50. What about the question of workers being prevented from visiting an area that they would visit the other 364 days of the year that may contain rough sleepers, such as parks, where the workers were told not to go for personal safety on the night of the count?
  (Ms Casey) That really is complete nonsense. I know full well that the parks were counted on the particular night that the central London street count took place.

  51. Your figures say that in Birmingham, England's second city, there are only two people sleeping rough compared with 56 in 1998 and in Nottingham there were only three. The BBC went out the following night and found 10. How credible are these figures?
  (Ms Casey) That was Bob Walker from the Today programme, who has been spending months on this.

  52. Is it not likely that the more time that he has spent on it the more facts he uncovered?
  (Ms Casey) It would be good if he did it with Outreach workers or learned what he was doing properly, that is neither here nor there, that is Bob Walker for you and that is me for you. The bottom line is this, the local authority in Birmingham and the organisations, the charities out there, it really upsets me because Focus Housing Group have done a phenomenal job in Birmingham to ensure that there is no longer a reason for somebody to be sleeping out on the streets. They still have people who they are working with who are just off the street and that is where their focus and attention comes from. Interestingly the Sunday Mirror journalist the week before found four people sleeping on the streets, two of whom were wandering about and two of whom were not.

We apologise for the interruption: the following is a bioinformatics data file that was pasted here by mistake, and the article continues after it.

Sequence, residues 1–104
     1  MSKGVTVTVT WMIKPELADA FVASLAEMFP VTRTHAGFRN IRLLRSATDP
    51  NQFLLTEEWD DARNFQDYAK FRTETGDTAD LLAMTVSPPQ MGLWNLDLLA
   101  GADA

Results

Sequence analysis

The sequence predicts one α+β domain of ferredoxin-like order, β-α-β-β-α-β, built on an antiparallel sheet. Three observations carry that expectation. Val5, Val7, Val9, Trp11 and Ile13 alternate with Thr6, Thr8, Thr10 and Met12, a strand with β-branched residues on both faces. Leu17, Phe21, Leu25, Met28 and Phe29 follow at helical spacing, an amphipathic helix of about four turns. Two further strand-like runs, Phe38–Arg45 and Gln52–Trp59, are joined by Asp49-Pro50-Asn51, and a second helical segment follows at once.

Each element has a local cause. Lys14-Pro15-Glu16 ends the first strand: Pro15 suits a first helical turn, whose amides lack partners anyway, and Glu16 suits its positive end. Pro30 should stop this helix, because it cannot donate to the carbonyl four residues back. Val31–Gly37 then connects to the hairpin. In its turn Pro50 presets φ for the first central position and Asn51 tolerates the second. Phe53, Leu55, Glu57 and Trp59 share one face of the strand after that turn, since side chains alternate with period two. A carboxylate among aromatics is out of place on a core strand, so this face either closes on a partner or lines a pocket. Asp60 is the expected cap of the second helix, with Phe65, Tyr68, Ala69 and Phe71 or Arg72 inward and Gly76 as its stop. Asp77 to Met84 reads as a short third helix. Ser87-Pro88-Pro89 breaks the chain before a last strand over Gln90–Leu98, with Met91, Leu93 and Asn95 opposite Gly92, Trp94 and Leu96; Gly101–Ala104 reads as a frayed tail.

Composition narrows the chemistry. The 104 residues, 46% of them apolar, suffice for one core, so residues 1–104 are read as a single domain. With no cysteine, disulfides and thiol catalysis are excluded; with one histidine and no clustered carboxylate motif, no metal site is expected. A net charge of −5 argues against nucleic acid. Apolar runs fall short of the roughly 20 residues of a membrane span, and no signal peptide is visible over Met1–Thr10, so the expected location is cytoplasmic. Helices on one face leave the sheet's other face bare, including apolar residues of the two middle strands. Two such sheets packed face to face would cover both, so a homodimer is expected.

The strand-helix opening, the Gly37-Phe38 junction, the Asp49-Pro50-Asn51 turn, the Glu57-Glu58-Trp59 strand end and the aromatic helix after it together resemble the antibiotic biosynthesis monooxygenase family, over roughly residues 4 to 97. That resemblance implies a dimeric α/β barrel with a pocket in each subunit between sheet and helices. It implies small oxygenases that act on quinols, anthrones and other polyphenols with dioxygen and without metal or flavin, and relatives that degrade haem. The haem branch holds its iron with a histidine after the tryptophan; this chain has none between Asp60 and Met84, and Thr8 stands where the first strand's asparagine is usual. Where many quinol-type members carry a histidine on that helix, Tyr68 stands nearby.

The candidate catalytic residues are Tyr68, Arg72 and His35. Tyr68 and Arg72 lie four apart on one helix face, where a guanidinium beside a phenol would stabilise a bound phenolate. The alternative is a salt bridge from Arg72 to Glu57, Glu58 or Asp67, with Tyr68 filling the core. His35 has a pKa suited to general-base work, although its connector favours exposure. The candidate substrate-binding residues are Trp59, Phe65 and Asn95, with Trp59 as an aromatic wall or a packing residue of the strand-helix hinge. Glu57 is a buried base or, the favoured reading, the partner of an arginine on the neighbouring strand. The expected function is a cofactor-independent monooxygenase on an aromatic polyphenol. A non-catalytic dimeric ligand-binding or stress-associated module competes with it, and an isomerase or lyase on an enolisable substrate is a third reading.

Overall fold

53. I have to confine my questions to the Report, if I can turn to page 72, in column two it talks about rough sleepers getting access to appropriate housing. Could you say what criteria are used to assess what is appropriate housing for any given rough sleeper? How do you go about understanding what "any given rough sleeper means"?
  (Ms Casey) That is why the government fund organisations like Thames Reach, St Mungo's, Focus Housing Group and many others, as well as funding approved social workers who have mental health skills, people who are specialists in drug, alcohol, and mental health, basically frontline staff, work on the street—